Surveying work and mapping has begun
First European Tree Frogs arrive at new AMPHIKULT Water Bodies
Within the last four years, altogether 173 small water bodies were either newly created or restored as part of the LIFE AMPHIKULT project. These measures are aimed at stabilizing and interconnect the amphibian populations in the project areas. The ongoing survey is to reveal whether or not this target will actually be achieved. Three external expert surveyor teams will document the occurrence of the target species at 109 water bodies in five of the project areas. First interim results have already substantiated the measures' success. For instance, Moor frogs were documented at 15 of the 18 monitored water bodies in the regions of Aschener Moor and Lange Lohe (project area Western Diepholz Lowland bog and Hunte Valley). All in all, more than 100 animals, which had already deposited over 500 clumps of spawn, were counted. Hence, the Moor frog population has approximately quadrupled.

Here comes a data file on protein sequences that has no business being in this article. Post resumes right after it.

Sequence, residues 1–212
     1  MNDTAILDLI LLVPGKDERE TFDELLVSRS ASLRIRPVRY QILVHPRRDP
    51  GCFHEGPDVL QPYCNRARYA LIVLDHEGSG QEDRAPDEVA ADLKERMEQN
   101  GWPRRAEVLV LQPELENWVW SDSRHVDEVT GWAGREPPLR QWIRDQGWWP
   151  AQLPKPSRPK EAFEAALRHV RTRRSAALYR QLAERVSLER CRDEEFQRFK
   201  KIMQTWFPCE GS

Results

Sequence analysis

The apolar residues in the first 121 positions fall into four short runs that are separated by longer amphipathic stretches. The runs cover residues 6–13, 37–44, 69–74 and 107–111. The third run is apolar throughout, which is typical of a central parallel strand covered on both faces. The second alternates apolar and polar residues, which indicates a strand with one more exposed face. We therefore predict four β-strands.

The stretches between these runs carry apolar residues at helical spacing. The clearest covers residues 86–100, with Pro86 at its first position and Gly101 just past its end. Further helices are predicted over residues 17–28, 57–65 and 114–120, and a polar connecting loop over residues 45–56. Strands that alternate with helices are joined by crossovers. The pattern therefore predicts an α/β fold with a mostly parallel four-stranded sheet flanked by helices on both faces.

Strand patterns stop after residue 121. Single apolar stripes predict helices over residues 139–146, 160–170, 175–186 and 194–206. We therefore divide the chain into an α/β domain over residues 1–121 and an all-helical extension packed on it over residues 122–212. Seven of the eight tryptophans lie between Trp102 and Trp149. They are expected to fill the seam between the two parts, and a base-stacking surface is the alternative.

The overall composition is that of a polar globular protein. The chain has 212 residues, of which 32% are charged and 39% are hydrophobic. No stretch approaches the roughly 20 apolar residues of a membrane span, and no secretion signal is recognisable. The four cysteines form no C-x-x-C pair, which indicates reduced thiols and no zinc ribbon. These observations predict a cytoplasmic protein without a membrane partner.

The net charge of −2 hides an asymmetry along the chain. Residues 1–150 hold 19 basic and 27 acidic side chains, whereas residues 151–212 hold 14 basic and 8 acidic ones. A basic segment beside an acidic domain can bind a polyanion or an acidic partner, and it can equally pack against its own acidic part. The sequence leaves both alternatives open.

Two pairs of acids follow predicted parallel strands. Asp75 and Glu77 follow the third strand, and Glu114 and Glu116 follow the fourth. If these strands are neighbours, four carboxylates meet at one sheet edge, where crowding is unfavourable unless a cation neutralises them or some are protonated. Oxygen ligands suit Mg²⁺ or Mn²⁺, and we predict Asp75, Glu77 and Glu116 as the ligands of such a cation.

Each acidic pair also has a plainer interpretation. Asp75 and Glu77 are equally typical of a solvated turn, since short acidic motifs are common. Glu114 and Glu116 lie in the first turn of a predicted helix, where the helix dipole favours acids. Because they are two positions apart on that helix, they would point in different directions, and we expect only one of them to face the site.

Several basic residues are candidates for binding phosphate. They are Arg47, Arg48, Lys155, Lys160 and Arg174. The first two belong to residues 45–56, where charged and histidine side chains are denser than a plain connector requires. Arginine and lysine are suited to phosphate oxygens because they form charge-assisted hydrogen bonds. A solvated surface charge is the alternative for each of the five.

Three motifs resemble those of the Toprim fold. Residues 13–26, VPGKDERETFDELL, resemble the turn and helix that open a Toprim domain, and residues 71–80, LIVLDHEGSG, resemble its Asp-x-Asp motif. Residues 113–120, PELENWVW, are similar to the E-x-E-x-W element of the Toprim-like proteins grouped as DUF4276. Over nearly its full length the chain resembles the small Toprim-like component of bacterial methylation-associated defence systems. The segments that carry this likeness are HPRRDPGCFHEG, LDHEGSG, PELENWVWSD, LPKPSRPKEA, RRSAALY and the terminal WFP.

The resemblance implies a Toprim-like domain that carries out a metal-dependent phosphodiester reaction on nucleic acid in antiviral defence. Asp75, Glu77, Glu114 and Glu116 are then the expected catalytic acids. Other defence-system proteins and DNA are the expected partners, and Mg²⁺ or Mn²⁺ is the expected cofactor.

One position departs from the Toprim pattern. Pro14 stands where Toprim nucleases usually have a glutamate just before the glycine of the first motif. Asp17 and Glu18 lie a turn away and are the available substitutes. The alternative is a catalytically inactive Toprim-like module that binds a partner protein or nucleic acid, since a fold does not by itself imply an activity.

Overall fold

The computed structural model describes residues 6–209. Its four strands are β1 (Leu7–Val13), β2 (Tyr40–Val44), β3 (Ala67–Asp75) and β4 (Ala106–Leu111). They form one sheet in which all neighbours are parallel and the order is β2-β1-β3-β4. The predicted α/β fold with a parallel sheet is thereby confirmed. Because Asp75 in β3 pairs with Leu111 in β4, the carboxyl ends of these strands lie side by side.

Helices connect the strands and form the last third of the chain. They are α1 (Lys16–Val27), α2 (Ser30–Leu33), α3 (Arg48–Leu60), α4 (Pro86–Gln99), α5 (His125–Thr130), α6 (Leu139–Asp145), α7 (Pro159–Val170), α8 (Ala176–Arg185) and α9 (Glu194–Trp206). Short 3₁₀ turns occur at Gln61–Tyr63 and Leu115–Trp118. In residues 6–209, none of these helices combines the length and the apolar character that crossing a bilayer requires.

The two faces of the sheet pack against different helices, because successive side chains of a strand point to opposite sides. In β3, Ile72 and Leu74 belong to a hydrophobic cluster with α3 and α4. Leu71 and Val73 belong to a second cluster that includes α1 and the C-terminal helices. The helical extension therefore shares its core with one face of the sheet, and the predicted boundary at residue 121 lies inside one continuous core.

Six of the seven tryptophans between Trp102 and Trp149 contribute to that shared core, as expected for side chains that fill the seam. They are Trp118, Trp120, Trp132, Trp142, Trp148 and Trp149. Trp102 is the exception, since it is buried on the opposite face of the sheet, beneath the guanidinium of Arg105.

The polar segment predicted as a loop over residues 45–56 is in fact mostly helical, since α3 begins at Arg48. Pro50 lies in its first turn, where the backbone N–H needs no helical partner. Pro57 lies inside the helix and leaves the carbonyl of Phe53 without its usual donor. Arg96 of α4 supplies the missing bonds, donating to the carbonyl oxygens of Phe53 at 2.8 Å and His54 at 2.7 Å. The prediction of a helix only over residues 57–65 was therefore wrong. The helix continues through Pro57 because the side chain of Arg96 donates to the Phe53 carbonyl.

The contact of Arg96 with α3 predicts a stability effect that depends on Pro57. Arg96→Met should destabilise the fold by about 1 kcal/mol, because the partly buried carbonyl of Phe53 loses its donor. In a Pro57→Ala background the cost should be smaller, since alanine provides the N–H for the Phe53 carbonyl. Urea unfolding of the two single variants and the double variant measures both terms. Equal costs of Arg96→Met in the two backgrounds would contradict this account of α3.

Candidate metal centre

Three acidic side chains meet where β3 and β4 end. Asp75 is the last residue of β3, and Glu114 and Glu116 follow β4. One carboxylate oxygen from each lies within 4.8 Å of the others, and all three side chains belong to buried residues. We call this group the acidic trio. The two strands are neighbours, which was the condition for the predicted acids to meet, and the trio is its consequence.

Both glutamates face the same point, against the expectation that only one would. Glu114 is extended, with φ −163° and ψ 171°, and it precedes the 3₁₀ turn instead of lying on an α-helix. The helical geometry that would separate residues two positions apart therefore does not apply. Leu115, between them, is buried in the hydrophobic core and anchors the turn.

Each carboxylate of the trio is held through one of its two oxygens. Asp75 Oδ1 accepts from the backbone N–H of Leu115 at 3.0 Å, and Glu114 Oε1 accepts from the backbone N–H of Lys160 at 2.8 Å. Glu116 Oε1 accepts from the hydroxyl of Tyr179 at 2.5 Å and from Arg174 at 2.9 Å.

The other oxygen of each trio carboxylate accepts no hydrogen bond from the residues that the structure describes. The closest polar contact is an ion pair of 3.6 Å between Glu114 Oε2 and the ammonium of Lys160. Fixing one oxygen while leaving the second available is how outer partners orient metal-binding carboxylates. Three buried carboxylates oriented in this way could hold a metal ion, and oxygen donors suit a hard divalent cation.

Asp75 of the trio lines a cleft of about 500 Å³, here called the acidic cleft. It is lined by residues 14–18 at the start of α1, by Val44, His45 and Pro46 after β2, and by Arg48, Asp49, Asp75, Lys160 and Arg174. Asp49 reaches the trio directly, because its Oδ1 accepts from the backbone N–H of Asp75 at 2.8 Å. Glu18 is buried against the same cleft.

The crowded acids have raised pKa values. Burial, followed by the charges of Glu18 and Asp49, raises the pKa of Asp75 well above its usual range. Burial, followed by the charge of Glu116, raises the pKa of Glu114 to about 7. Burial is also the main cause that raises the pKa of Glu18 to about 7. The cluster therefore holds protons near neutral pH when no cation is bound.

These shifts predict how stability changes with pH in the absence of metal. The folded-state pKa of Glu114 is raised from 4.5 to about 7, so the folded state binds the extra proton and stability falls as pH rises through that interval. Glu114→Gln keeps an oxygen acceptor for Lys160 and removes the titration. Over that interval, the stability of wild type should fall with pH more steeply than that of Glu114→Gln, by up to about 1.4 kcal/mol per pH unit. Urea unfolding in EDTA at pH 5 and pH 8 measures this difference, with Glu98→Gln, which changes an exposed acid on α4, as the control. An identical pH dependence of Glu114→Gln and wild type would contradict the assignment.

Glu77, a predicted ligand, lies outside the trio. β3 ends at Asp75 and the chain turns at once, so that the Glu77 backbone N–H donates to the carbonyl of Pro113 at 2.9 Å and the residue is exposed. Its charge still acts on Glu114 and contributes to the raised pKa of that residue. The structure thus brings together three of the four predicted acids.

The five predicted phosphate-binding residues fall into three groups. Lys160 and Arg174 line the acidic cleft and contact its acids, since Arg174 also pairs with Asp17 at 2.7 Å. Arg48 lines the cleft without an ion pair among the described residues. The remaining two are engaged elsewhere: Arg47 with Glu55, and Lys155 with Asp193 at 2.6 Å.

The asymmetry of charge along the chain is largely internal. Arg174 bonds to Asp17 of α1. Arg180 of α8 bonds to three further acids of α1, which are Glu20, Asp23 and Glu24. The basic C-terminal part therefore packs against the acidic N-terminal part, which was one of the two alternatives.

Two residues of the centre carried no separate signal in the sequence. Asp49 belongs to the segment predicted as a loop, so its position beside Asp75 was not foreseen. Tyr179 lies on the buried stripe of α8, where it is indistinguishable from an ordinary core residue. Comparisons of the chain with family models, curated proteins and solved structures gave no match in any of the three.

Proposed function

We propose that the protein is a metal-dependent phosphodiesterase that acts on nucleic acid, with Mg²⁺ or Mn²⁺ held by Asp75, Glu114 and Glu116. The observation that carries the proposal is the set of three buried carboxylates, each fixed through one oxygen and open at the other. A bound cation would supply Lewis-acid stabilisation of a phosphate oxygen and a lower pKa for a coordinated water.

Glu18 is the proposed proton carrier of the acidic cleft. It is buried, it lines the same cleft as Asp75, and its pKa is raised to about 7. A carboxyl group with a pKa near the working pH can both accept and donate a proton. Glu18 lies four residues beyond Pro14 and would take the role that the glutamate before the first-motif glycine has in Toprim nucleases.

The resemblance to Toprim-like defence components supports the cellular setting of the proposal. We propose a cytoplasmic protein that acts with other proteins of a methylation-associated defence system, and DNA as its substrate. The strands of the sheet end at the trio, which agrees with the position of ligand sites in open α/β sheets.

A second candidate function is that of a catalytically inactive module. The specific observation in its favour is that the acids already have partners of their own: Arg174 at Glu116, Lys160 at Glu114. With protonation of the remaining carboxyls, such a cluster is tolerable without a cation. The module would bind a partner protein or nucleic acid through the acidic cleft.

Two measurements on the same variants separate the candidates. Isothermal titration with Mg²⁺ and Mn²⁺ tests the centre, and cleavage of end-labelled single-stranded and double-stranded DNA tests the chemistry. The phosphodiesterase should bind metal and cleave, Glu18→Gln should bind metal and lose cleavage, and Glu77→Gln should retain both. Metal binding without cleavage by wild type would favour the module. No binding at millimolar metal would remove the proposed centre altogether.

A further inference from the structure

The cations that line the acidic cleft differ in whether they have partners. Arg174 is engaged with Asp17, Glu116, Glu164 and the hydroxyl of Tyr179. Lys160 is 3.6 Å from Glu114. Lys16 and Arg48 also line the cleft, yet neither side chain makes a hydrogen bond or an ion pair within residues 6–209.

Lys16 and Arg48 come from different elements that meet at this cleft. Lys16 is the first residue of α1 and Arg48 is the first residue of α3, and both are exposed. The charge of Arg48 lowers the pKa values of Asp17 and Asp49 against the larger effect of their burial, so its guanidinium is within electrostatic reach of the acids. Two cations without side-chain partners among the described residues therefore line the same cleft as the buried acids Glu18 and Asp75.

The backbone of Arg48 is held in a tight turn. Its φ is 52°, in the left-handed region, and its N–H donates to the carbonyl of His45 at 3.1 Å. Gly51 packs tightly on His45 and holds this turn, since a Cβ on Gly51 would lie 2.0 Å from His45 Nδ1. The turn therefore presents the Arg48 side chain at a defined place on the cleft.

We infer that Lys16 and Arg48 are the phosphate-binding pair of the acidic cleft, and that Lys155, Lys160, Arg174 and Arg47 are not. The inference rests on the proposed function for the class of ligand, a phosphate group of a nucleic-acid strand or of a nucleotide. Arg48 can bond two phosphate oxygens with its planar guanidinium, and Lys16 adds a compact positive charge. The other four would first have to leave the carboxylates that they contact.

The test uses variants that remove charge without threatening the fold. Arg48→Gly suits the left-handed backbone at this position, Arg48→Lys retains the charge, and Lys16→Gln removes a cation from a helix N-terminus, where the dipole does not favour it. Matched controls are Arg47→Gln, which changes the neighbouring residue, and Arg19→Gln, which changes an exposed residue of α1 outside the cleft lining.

Calling Moor Frogs at Aschener Moor
Due to the warm weather of recent weeks, amphibian species that usually spawn later in the year have already visited the ponds. Calling European tree frogs were reported in several areas and individual Common spade foot were encountered as well. At a sandpit near Vechta, where a new pond had been completed recently, the Natterjack toads had already deposited their spawn. Apart from the target species, more common amphibian species make use of the water bodies as well. Over 500 common toads thus were also counted at the aforementioned 18 water bodies.
In the weeks to come, the reproductive success of the target species will be surveyed as part of the monitoring efforts. In addition, a structural mapping of all water bodies is planned. Surveys at the remaining water bodies of the project are scheduled for next spring.